Here's what you need to know about ovulation
When it comes to tracking your ovulation cycle to determine your most fertile days, it’s all in the calendar.
If any of your friends or relatives have tried to add a new member to their family, you’ve probably heard them talking about their fertility calendar or ovulation cycle. Now, if you’re trying to become pregnant, you might be wondering what that means, and how you can identify your own ovulation cycle.
“Knowing your ovulation cycle is one of the best tools women have when trying to get pregnant,” says Dr. Manuel Arreguin, northeast director of women’s health and OBGYN at Geisinger Wyoming Valley Medical Center. “So much of our reproductive system hinges on that monthly cycle, and tracking it is the first step to taking advantage of it.”
Here’s what you need to know about ovulation, and how you can track your own cycle.
What is ovulation?
Ovulation occurs when an unfertilized egg leaves the ovaries and enters the fallopian tubes, which is where fertilization occurs. Each unfertilized egg takes two weeks to grow and mature before it is released by the ovaries, which is triggered by a woman’s menstrual period.
As the egg travels down from the ovaries toward the uterus, it becomes more accessible to any sperm that may already be present. In fact, sperm can live for several days in the uterus waiting for the arrival of the egg. On the other hand, if no sperm are available to fertilize the egg, an egg can only be fertilized within 24 hours once it is released into the uterus.
What are the symptoms of ovulation?
Although not all women will display physical symptoms during ovulation, there are some things you can look out for.
Symptoms can include light bleeding or spotting, breast tenderness, increased libido and pain to one side of the abdomen—where your ovaries are. You may also notice changes in your cervical mucus.
“Some women may even experience an elevated pulse rate, heightened sense of smell and swollen lymph nodes on the sides of their pelvis,” says Dr. Arreguin.
Grab your calendar
If you don’t notice regular symptoms, don’t panic! The most popular way women track ovulation is through a fertility calendar.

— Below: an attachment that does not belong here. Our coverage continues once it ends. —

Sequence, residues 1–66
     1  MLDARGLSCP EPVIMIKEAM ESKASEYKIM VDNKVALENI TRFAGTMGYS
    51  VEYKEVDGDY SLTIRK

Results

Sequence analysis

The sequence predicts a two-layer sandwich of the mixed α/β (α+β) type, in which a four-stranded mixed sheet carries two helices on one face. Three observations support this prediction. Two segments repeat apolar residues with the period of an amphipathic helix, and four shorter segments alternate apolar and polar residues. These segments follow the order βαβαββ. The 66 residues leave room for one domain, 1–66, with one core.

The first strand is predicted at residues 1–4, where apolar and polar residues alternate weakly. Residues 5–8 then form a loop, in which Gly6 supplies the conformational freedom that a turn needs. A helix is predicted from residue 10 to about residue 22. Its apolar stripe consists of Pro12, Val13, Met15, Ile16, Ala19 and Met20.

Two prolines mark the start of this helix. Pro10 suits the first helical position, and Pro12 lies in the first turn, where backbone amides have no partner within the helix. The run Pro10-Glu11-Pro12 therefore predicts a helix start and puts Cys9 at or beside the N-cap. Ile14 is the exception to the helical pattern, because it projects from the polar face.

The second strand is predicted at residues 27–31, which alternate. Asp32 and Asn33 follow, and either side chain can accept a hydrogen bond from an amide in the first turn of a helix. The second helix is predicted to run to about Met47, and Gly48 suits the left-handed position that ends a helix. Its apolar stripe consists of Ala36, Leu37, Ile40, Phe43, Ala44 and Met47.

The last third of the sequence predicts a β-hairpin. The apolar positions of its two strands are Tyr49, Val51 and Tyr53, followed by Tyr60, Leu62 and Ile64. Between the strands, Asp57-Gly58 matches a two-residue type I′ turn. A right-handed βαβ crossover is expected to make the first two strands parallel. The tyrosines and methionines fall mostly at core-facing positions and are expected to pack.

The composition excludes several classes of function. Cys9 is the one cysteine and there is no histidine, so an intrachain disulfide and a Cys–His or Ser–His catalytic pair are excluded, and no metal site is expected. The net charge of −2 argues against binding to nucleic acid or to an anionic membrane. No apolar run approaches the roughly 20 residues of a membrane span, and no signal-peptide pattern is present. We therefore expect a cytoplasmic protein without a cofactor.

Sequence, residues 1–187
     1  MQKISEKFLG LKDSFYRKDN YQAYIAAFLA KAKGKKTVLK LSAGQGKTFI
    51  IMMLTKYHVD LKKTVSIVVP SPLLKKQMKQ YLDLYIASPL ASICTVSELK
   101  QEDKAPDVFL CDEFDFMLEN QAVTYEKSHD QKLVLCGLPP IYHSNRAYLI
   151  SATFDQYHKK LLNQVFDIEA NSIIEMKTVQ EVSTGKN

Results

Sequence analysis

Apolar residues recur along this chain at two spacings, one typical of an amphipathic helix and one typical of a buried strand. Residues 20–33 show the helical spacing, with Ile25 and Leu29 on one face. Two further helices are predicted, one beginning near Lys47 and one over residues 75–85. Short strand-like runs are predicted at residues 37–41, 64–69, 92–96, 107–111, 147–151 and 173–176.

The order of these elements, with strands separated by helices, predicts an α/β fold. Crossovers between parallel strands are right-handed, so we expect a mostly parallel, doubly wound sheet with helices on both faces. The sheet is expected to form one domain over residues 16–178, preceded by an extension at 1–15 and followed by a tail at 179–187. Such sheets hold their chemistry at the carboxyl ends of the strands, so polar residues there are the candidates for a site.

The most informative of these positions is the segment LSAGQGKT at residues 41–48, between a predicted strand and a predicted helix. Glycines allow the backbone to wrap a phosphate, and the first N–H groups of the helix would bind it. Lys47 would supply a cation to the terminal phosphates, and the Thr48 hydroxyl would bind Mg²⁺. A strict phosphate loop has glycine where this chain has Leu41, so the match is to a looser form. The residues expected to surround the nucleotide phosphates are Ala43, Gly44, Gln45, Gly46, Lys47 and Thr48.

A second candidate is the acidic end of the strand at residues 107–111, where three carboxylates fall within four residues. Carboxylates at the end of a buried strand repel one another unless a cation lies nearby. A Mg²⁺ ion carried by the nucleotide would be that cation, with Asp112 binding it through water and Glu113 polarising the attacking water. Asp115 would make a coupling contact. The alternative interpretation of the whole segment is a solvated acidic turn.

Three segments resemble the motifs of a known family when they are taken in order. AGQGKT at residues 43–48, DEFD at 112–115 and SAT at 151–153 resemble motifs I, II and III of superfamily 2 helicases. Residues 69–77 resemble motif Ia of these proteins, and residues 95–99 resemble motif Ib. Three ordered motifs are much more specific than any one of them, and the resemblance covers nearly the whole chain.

“Your reproductive cycle begins the day your menstrual period begins. Let’s call that day one,” says Dr. Arreguin. “Once you know your day one, you can calculate your ovulation start date.”
From the first day of a woman’s period, a new egg has already started maturing. From there, it takes about two weeks for that egg to reach a point where it can be released, which usually happens between days 12 and 16.
“Couples commonly believe that they should be trying to conceive on the day of ovulation, but this isn’t the case,” explains Dr. Arreguin. “Ideally, sperm should be present in the fallopian tube around day 10, as they can survive much longer than an unfertilized egg.”
From here, it can take seven days for a fertilized egg to travel through the fallopian tube and attach itself to the wall of the uterus. If this doesn’t take place, a woman will get her period between days 28 and 32, as they normally would. From here, the cycle repeats itself.
Basal body temperature—or the temperature of your body at its lowest while at rest—can also solidify your calendar.
“Your basal body temperature increases during ovulation,” notes Dr. Arreguin. “If you track it while still in bed each morning when you wake up, you will be able to identify your ovulation date.” This requires a specialized thermometer that can be found at drug stores.
The process can seem difficult and overwhelming for many women and couples, leading to the surge in ovulation tracking apps and gadgets.
However, a trip to the OBGYN might be just what the doctor ordered. Your OBGYN can recommend tests that will assess your hormone levels to help pin down your ovulation date, taking the guesswork out of the equation.
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